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How to Eat the Right Proportions of Food

By Chris Sherwood

Maintaining a healthy weight largely depends on the types and amounts of foods you consume every day. However, the typical American proportion size, whether eating out or eating at home, is often much larger than your body needs. Large portion sizes lead to overeating, which increases calorie intake and results in weight gain. Practice healthful portion sizes by remembering a few different visual cues.

Calculate grain portions such as pasta, rice, and bread by imagining the size of a hockey puck. This comes to about 1/2 cup. For cereal, think about the size of your fist, or about 1 cup.

Determine your fish portion size by imagining your checkbook, or about 3 ounces. Measure other meat portion sizes to about the size of a deck of cards, or the palm of your hand, which is about 3 ounces.

Measure your vegetables by thinking about your closed fist, or a baseball. This is about the right serving for most vegetables at 1 cup. Fruits contain more sugars and typically more calories, and as such need a smaller portion size. Think of half a baseball for fruit, or about 1/2 cup. For dried fruit, think of a large egg or golf ball, or about 1/4 cup.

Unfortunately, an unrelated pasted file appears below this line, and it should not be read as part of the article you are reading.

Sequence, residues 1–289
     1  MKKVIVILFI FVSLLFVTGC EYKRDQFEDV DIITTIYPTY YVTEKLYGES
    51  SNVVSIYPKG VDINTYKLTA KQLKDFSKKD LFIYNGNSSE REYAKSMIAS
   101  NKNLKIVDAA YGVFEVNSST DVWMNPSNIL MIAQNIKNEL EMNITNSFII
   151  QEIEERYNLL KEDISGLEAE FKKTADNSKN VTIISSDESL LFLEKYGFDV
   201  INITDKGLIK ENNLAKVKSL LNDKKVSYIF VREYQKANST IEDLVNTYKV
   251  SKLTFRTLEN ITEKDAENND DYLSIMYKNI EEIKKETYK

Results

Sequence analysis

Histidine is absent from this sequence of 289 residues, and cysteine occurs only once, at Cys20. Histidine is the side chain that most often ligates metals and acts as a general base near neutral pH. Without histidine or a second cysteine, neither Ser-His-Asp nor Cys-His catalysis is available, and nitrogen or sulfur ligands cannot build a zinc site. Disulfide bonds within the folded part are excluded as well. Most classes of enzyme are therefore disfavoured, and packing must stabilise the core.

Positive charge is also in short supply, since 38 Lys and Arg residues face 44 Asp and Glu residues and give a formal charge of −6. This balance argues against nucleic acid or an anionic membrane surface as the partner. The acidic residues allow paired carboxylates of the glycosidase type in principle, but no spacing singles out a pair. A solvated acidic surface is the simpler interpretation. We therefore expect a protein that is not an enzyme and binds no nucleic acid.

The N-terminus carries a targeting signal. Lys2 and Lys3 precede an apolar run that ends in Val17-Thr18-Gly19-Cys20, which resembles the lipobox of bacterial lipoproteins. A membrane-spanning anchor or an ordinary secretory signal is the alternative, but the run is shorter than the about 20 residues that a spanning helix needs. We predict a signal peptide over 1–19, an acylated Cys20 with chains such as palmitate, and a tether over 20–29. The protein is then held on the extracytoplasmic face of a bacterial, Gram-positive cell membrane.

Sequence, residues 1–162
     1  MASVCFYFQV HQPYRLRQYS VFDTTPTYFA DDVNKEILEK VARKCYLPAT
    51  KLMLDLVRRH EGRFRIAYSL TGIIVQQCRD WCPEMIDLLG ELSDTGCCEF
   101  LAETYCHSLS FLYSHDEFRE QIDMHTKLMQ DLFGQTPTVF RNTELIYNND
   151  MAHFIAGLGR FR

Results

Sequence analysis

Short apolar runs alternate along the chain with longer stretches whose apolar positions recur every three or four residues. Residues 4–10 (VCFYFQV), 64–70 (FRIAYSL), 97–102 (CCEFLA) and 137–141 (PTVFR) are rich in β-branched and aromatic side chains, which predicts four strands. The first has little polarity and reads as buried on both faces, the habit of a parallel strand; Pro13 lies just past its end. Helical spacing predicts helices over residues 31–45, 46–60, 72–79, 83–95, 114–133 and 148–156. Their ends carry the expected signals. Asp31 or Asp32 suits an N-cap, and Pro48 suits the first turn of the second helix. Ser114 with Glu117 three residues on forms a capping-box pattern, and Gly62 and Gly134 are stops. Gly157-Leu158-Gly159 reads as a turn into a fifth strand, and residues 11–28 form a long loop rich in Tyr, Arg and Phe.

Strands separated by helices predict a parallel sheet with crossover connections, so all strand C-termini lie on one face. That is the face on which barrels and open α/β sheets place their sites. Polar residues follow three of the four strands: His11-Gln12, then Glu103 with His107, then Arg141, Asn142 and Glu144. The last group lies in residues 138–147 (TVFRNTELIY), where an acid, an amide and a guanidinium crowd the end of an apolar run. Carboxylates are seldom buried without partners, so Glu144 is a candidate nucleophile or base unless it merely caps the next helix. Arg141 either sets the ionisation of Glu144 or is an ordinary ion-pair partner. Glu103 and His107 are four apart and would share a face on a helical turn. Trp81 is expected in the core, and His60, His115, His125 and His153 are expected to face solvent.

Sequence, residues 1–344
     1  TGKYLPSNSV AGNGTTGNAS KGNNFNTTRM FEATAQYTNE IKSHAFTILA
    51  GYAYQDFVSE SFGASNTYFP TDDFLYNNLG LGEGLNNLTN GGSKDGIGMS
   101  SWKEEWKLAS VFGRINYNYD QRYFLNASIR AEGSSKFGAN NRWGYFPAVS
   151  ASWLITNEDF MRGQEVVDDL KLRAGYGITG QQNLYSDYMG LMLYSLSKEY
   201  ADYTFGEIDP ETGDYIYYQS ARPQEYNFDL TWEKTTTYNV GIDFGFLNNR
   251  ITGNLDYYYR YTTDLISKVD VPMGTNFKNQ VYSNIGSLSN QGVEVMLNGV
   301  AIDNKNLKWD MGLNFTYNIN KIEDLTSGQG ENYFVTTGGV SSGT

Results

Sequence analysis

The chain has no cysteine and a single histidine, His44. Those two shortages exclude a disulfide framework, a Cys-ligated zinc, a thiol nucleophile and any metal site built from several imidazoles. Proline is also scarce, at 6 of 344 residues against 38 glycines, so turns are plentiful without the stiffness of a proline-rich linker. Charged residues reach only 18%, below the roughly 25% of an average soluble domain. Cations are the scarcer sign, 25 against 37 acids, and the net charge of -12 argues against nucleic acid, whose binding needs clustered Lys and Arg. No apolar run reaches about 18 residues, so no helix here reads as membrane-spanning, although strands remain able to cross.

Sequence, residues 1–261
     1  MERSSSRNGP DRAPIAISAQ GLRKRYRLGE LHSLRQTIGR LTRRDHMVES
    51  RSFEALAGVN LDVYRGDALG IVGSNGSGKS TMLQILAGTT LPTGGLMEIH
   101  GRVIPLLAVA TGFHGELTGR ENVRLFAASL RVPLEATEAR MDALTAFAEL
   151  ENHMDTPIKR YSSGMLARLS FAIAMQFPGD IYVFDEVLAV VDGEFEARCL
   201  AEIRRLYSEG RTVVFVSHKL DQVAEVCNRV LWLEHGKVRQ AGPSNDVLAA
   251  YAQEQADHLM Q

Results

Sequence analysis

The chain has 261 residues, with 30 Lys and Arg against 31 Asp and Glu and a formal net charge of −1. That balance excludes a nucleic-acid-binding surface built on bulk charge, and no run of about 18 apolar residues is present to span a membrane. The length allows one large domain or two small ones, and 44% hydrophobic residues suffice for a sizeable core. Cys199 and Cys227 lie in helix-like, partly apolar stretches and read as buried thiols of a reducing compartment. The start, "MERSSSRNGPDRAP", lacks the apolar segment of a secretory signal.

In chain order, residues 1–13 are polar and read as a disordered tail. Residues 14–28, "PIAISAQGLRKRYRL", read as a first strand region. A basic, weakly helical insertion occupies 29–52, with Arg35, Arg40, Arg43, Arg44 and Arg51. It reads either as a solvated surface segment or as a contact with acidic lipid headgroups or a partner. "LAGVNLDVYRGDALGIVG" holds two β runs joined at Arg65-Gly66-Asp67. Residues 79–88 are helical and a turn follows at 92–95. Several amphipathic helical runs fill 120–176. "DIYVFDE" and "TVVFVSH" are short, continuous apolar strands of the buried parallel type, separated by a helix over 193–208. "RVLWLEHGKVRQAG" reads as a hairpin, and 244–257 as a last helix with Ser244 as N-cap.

Calculate fats like peanut butter or olive oil by imagining two dice. Each one represents about 1 teaspoon.

Measure dairy products like cheese with the size of six dice. This comes out to about 1 1/2 ounces. Ice cream can also be measured by imagining a tennis ball, or about 1/2 cup.


Portion size can also be controlled by looking at the nutrition label on the back of your foods. Compare the portion size to the calories per portion.

If visual cues do not work for you, measure your food using a food scale and package the servings individually in your fridge.

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